That being said you sound frustrated about the situation and you should know that it is a possibility that when you go to just morning and evening nursing you may lose your supply. I breastfeeding my son for a year and then went to just twice a day nursing and within two months he was no longer interested because the let down was so slow. Not to scare you off, but to let you know this might be a possibility you will want to come to terms with.

Otherwise, congratulations, you did awesome for your baby !
posted by aetg at 8:33 PM on May 16, 2013 [6 favorites]


Six months was the guideline everyone threw at us. You're way past that. Everything is going to be fine.
posted by ook at 8:36 PM on May 16, 2013 [7 favorites]


You know rationally that your baby is almost 12 months old and that his drinking formula at day care will not negatively impact his health. And you know that having both enough bottles to keep him full and a less-stressed mother will positively impact his health.

Since you know all this rationally, I wonder if you're going through a little bit of mourning over this as the first step of weaning your baby. You still have nursing times with him, but they are going to be fewer and fewer, and on some level it can be a little bit hard to know he doesn't need your breast milk to thrive anymore. Even though in your heart, you feel it's the best thing for him and anything else just feels like crap. You've started one of the first steps towards compromise, letting in the less than perfect stuff as your child begins to just live his life away from your protection in the imperfect world. You can be thrilled that he's growing and becoming independent, but it can still make you anxious and have that not quite ready feeling.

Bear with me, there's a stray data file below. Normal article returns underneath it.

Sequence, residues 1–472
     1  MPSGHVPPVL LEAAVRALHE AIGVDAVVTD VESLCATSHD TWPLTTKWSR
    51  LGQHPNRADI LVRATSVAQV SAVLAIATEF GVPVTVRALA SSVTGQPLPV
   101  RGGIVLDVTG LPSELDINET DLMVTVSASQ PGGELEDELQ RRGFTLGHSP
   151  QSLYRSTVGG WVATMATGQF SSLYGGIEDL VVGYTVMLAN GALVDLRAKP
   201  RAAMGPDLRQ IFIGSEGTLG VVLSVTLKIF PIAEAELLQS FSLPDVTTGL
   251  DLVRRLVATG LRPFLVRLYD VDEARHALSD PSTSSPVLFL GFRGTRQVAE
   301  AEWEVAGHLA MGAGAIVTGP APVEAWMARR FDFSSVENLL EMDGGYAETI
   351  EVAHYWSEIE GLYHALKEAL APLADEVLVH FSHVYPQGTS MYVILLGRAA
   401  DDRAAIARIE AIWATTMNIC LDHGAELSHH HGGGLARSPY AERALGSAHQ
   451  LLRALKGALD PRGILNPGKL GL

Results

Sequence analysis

posted by third rail at 8:38 PM on May 16, 2013 [23 favorites]


Honestly, I think the biggest benefit from nursing a baby is the bonding and the quiet time that it brings and the pleasure that mom and baby both get from it. It sounds like the need to pump was making you stressed, worried, anxious and unhappy. That does not benefit your little one. If formula feeding at daycare contributes to a happy and relaxed mom and baby it is hands down worth it. Enjoy the nursing time when you are together; let the rest of it go.
posted by SLC Mom at 8:39 PM on May 16, 2013 [14 favorites]


Also, third rail is a wise woman.
posted by SLC Mom at 8:40 PM on May 16, 2013 [3 favorites]


How about ... the breast milk he gets from you will probably be healthier because you are more relaxed because you won't be pumping 2-3 hours a day. And a better of quality of life for you is definitely better for your baby! Now this time with him will be truly special, because he will only get breast milk while nursing with you.
posted by bluedaisy at 8:55 PM on May 16, 2013 [3 favorites]


One thing I like to remind people in your shoes is this: "formula is not poison". It may not be as great as breast milk, but there is nothing Wrong with it. You have conferred many benefits upon your baby by breast feeding for any amount of time, and 10 months is great. There are many other things you can worry about now, so try to stop worrying about this!
posted by gubenuj at 8:55 PM on May 16, 2013 [3 favorites]


You have done an awesome job!

Back when I was going to a mom's group, there was a mom there who for lots of reasons couldn't nurse and had to use formula, and was feeling awful and guilt-ridden. "The most important thing," I assured her, "is to feed the baby."